from the Korean Army to being published

the blog of an "ex-patriot" writer in Korea

Random #16: I’m Not a Writer

with 2 comments

I’m very apprehensive about referring to myself as a writer. While I loathe my day job (English teacher in Korea), when faced with that ever so repetitive question “What do you do?” I almost always volunteer that information rather than share that I’m a writer. Because I don’t think of myself in that way. Instead, I almost always hedge the claim with “aspiring” or say something along the lines of “I’m working on a book.” Everyone these days is “working on a book.”

One of the reasons I don’t like to claim to be a writer is because I have nothing published. If you claim that you’re a writer, the inevitable follow-up question is “What have you written?” The problem is, I haven’t really written anything that has been distributed by anyone other than myself. I have nothing to show for the now countless hours I’ve spent with pen in hand or in front of the computer. It’s like saying I’m an investment banker because I’ve invested some of my own money in the stock market. Actually, the money is not even mine. It’s my mom’s.

In an article from the Los Angeles Times, novelist Mary Gordon shares tips for aspiring authors (more specifically, for working mothers who want to write). She says,

But if you’re a writer, you don’t write for money or fame or a chance to dish with Oprah Winfrey. Basically, you write because when you’re not writing, you’re even more cranky than when you are writing.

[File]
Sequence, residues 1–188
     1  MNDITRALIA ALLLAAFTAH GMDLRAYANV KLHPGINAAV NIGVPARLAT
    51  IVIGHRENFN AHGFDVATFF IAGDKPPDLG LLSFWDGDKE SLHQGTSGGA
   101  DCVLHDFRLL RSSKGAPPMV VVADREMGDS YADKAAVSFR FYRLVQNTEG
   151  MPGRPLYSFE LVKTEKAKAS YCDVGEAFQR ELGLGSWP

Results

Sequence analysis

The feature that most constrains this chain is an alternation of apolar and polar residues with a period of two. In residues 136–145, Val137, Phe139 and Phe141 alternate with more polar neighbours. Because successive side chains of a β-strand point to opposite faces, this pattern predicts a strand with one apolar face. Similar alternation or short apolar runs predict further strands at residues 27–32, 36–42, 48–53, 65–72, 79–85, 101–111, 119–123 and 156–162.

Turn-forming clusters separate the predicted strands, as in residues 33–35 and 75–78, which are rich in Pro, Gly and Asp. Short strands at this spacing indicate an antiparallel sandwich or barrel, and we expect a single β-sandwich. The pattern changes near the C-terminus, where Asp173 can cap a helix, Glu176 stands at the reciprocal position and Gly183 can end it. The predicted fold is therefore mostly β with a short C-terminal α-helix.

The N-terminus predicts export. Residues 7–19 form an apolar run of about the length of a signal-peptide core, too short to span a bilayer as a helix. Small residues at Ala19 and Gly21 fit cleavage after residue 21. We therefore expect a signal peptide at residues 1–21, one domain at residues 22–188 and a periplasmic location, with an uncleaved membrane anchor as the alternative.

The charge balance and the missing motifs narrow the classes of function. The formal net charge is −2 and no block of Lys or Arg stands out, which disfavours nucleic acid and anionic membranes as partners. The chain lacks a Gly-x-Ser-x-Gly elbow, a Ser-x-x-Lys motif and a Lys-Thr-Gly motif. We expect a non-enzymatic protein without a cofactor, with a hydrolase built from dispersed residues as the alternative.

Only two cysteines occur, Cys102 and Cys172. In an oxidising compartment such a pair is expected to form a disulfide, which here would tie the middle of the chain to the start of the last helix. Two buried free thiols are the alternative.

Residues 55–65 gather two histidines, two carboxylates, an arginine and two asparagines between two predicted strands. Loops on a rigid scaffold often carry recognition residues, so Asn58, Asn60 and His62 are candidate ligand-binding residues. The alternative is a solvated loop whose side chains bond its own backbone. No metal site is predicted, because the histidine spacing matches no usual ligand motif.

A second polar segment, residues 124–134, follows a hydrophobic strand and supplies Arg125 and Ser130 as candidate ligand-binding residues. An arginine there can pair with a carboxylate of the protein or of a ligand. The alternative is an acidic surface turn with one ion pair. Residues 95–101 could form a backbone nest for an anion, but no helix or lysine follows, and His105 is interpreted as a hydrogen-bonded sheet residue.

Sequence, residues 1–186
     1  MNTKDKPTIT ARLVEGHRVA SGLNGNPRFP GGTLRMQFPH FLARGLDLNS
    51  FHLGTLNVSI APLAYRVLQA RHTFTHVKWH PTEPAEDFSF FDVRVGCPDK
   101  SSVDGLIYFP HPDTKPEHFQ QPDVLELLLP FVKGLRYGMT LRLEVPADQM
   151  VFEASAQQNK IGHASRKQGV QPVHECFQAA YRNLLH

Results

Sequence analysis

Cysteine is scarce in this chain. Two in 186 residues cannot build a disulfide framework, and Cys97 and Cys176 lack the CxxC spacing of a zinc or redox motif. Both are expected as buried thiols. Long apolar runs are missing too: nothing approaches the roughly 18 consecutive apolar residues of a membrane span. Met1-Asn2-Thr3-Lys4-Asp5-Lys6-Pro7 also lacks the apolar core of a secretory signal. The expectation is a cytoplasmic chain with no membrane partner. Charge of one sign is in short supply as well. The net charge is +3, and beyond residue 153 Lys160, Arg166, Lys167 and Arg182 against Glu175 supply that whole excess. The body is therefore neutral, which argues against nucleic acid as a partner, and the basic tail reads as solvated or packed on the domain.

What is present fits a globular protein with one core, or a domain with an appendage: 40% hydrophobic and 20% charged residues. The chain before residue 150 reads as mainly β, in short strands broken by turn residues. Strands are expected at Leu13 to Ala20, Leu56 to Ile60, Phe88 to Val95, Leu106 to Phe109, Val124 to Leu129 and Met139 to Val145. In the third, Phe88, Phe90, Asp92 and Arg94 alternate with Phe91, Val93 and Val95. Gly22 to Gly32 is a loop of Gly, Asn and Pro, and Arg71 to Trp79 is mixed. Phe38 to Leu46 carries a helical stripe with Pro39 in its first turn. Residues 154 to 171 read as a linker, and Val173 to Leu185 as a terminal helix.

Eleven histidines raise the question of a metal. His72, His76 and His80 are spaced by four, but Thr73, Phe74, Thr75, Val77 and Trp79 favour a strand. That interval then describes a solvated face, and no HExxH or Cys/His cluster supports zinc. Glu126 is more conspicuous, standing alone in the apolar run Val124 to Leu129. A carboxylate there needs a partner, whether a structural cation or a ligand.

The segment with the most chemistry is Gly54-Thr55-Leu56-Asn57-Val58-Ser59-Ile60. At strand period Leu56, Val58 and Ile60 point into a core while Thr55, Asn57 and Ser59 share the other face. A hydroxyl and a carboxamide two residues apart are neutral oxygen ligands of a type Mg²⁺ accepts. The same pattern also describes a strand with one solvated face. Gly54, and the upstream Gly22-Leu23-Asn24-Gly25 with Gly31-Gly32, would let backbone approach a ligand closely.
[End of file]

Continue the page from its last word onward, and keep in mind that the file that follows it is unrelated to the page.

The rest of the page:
If what she says is true, then I must not be a writer. I love to write, but as I’ve mentioned before, I also have aspirations of money and fame and “a chance to dish with Oprah.” I’m kind of banking on it.

Don’t get me wrong. My self-worth (as a writer and as a human being) is not dependent on others’ opinion of me or my work. It’s my own personal assessment of my present status and, at the end of the day, that’s all that really matters. However, the damning fact of the matter is that a writer writes so that readers can read. It’s part of the job description. You can’t ignore the audience because the audience is going to buy your books and let you quit your day job. No matter how high and mighty you sit with your engorged artistic integrity and pen in hand, writing for yourself is the equivalent of literary masturbation: a middling level of self-satisfaction when there is no one who cares.

So I sit in this coffee shop on a Saturday night when everyone else is getting busy in one way or another. Because I’m not a writer. Not yet.


2 Responses

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  1. This article proves that your also a writer!

    Line worker Job Description

    October 9, 2010 at 8:20 pm

    • Thank you for the comment. But as I stated in the entry, I won’t allow myself that title until I’ve been published. For the moment, I’m happy simply being just someone who enjoys writing and aspires to be more than that hopefully in the near future.


      October 11, 2010 at 11:04 am

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